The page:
Interventions for the management of mandibular fractures.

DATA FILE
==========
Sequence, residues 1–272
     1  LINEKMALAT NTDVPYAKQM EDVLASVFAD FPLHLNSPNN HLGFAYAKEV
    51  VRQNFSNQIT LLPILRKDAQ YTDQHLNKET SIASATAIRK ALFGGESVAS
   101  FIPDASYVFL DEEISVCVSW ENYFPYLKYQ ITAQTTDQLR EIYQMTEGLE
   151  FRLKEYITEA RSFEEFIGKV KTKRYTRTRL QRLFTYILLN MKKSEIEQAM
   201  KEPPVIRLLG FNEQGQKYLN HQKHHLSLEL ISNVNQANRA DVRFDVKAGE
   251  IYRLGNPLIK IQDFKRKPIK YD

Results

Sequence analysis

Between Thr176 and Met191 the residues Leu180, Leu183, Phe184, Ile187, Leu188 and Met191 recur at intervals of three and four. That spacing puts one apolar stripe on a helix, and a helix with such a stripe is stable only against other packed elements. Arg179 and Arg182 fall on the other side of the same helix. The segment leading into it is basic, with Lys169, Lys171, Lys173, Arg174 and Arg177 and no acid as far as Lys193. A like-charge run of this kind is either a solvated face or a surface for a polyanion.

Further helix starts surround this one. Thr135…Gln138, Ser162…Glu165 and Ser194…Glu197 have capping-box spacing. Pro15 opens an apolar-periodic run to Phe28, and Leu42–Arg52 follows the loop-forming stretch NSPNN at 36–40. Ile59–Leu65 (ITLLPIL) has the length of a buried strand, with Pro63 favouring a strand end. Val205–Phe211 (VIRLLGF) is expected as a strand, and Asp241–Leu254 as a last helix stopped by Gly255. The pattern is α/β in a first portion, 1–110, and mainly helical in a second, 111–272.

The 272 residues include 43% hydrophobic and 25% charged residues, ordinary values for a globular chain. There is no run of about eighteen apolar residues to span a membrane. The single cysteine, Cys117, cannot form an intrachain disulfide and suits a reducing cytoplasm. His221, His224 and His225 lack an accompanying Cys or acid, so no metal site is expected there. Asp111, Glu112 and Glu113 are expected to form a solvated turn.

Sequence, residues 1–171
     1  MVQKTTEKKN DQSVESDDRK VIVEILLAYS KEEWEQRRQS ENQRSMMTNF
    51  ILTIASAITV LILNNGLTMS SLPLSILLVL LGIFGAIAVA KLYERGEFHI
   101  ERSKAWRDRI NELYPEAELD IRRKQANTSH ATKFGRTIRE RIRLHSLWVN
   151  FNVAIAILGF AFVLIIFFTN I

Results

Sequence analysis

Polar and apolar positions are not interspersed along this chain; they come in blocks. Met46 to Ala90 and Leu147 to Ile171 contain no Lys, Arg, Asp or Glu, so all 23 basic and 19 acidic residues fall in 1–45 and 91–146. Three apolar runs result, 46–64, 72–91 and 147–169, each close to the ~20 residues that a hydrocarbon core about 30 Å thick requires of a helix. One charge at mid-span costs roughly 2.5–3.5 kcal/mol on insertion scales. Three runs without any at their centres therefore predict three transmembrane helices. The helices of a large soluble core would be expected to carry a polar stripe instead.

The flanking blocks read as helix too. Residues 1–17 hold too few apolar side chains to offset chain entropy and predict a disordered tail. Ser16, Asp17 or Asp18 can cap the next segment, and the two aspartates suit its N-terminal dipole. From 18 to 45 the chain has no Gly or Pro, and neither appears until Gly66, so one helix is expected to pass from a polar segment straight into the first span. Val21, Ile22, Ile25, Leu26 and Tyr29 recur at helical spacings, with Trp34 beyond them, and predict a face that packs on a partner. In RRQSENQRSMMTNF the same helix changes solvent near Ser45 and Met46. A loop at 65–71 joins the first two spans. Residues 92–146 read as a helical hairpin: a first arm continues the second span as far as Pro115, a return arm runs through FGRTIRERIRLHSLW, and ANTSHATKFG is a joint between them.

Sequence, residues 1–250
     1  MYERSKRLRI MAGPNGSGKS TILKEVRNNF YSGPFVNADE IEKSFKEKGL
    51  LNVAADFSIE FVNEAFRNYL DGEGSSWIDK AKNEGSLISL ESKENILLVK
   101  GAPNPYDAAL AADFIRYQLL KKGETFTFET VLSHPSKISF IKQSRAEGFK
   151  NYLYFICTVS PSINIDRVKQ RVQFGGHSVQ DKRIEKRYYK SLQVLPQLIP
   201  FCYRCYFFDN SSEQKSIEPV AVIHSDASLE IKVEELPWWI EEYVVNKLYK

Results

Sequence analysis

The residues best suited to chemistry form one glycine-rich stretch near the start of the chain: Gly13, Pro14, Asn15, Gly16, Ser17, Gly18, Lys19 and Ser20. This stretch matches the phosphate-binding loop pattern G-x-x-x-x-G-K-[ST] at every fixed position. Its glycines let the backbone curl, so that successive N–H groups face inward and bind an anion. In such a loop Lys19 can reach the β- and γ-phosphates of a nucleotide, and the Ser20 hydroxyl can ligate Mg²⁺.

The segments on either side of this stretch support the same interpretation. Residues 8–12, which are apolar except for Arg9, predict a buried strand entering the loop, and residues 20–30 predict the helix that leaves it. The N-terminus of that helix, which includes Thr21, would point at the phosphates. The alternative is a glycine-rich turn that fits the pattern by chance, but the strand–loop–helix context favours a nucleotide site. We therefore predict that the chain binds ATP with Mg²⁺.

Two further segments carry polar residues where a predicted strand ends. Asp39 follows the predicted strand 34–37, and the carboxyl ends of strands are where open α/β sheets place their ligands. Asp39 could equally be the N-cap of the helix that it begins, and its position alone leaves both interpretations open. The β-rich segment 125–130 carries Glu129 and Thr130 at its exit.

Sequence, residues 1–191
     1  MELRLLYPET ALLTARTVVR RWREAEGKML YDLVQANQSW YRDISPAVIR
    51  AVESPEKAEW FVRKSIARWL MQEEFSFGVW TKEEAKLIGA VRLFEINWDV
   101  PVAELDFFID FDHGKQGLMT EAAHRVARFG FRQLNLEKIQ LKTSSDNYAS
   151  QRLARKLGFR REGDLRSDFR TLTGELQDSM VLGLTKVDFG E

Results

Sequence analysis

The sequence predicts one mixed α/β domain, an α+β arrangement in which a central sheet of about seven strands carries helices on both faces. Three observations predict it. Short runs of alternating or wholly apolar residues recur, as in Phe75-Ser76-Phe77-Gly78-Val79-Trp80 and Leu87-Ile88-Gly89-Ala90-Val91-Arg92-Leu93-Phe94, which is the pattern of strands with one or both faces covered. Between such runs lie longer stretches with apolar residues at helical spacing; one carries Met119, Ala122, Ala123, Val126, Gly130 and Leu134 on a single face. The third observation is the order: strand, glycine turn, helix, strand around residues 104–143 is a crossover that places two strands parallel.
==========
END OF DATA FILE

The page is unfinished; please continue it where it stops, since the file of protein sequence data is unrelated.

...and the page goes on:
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BACKGROUND: Fractures of the mandible (lower jaw) are a common occurrence and usually related to interpersonal violence or road traffic accidents. Mandibular fractures may be treated using open (surgical) and closed (non-surgical) techniques. Fracture sites are immobilized with intermaxillary fixation (IMF) or other external or internal devices (i.e. plates and screws) to allow bone healing. Various techniques have been used, however uncertainty exists with respect to the specific indications for each approach. OBJECTIVES: The objective of this review is to provide reliable evidence of the effects of any interventions either open (surgical) or closed (non-surgical) that can be used in the management of mandibular fractures, excluding the condyles, in adult patients. SEARCH METHODS: We searched the following electronic databases: the Cochrane Oral Health Group's Trials Register (to 28 February 2013), the Cochrane Central Register of Controlled Trials (CENTRAL) (The Cochrane Library 2013, Issue 1), MEDLINE via OVID (1950 to 28 February 2013), EMBASE via OVID (1980 to 28 February 2013), metaRegister of Controlled Trials (to 7 April 2013), ClinicalTrials.gov (to 7 April 2013) and the WHO International Clinical Trials Registry Platform (to 7 April 2013). The reference lists of all trials identified were checked for further studies. There were no restrictions regarding language or date of publication. SELECTION CRITERIA: Randomised controlled trials evaluating the management of mandibular fractures without condylar involvement. Any studies that compared different treatment approaches were included. DATA COLLECTION AND ANALYSIS: At least two review authors independently assessed trial quality and extracted data. Results were to be expressed as random-effects models using mean differences for continuous outcomes and risk ratios for dichotomous outcomes with 95% confidence intervals. Heterogeneity was to be investigated to include both clinical and methodological factors. MAIN RESULTS: Twelve studies, assessed as high (six) and unclear (six) risk of bias, comprising 689 participants (830 fractures), were included. Interventions examined different plate materials and morphology; use of one or two lag screws; microplate versus miniplate; early and delayed mobilization; eyelet wires versus Rapid IMF™ and the management of angle fractures with intraoral access alone or combined with a transbuccal approach. Patient-oriented outcomes were largely ignored and post-operative pain scores were inadequately reported. Unfortunately, only one or two trials with small sample sizes were conducted for each comparison and outcome. Our results and conclusions should therefore be interpreted with caution. We were able to pool the results for two comparisons assessing one outcome. Pooled data from two studies comparing two miniplates versus one miniplate revealed no significant difference in the risk of post-operative infection of surgical site (risk ratio (RR) 1.32, 95% CI 0.41 to 4.22, P = 0.64, I(2) = 0%). Similarly, no difference in post-operative infection between the use of two 3-dimensional (3D) and standard (2D) miniplates was determined (RR 1.26, 95% CI 0.19 to 8.13, P = 0.81, I(2) = 27%). The included studies involved a small number of participants with a low number of events. AUTHORS' CONCLUSIONS: This review illustrates that there is currently inadequate evidence to support the effectiveness of a single approach in the management of mandibular fractures without condylar involvement. The lack of high quality evidence may be explained by clinical diversity, variability in assessment tools used and difficulty in grading outcomes with existing measurement tools. Until high level evidence is available, treatment decisions should continue to be based on the clinician's prior experience and the individual circumstances.
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